How to attach panel to door jambs

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Forum topic by Vjeko posted 01-30-2009 10:44 PM 1358 views 0 times favorited 6 replies Add to Favorites Watch
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135 posts in 3648 days

01-30-2009 10:44 PM

Topic tags/keywords: question joining

I’m starting my first project – a small built-in (closing off an area cca. 1m2 surrounded by
3 brick walls in U shape). The built-in area ceiling is sloping upwards towards the door opening.

I’ll ask questions step by step and put all the info / what I’ve learned together
in a project and make it available for other beginners like me.

I want to do everything as simple as possible and have as little wooden carcass(want to
use the walls as carcass to avoid problems with moisture).

To start with, I will mill and scribe the door jambs. They will be screwed to the
brick walls at the door opening (I willl later make the door and mount
using euro style hinges).

I want to mount a hardwood panel to the outside of the door jambs above the door to close the
door opening. What are good/elegant ways to do that and to avoid wood movement problems ?

My initial beginner woodworker brainstorming revealed (not sure if any of these are OK ;) ):
- threaded inserts in wood panel/screws through jambs from inside builtin
- pocket screws through jambs from inside builtin into wood panel (but wood can’t move)
- blocks of wood screwed to door jambs, screws through blocks into wood panel (small slot in blocks)

-- Vjeko Balas - Croatia

6 replies so far

View noknot's profile


548 posts in 3675 days

#1 posted 01-31-2009 02:45 PM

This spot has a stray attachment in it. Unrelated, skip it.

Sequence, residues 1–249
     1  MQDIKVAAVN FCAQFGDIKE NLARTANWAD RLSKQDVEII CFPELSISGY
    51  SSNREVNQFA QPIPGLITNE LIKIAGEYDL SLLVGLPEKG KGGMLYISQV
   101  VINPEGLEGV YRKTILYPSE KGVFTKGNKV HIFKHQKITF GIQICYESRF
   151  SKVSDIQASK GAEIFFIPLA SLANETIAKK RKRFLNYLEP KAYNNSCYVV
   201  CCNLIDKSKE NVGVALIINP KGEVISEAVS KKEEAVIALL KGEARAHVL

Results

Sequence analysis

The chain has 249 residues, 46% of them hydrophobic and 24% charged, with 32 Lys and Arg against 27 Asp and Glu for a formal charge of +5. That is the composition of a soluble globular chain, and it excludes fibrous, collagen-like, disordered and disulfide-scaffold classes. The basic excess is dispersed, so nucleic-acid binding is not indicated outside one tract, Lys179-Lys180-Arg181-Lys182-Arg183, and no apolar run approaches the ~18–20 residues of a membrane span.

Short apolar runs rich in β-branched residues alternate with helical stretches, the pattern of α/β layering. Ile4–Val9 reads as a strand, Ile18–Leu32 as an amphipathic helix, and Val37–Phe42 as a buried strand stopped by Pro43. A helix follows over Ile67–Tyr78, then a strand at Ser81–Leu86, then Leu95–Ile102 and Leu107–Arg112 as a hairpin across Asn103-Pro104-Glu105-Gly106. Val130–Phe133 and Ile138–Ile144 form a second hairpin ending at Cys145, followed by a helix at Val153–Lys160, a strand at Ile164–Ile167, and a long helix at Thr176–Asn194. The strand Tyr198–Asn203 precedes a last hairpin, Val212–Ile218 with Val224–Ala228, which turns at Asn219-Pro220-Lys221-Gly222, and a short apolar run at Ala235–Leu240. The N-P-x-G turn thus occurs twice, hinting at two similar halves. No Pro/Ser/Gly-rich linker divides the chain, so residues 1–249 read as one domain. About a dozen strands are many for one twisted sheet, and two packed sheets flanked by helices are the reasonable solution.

Not sure i follow but try making a dado if possible you might want to post pics


View PetVet's profile


329 posts in 3721 days

#2 posted 01-31-2009 03:28 PM

If I understand what you intend to do, I would make it like a frame and panel door. Like noknot said, cut the dado in the frame and “float” the panel. The other option is to use hardwood ply, you don’t have to worry about wood movement then.

-- Rich in Richmond -- Experience is something you don't get until just after you need it.

View Vjeko's profile


135 posts in 3648 days

#3 posted 01-31-2009 04:18 PM

Thanks for the info. Looks like I over did it with words. Let me try a shorter version:
For the door entry, a door is hung on one door jamb (hopefully “jamb” is the
correct word for the vertical piece of wood on which the door is hung).
This door jamb is screwed to the brick wall. the other door jamb (onto which the door closes)
is also screwed to the other wall of the entry i.e. there is no door frame/just two vertical pieces of wood.
The door will be hung on euro hinges and sit on the outside /covering the door jambs.
Let’s say the door jambs are cca 10-15cm wide and 3cm thick and as high as the door entry.
Now, the door doesn’t cover the whole door entry – I still need to cover
a small area above the door (ceiling slopes/is not straight etc) – how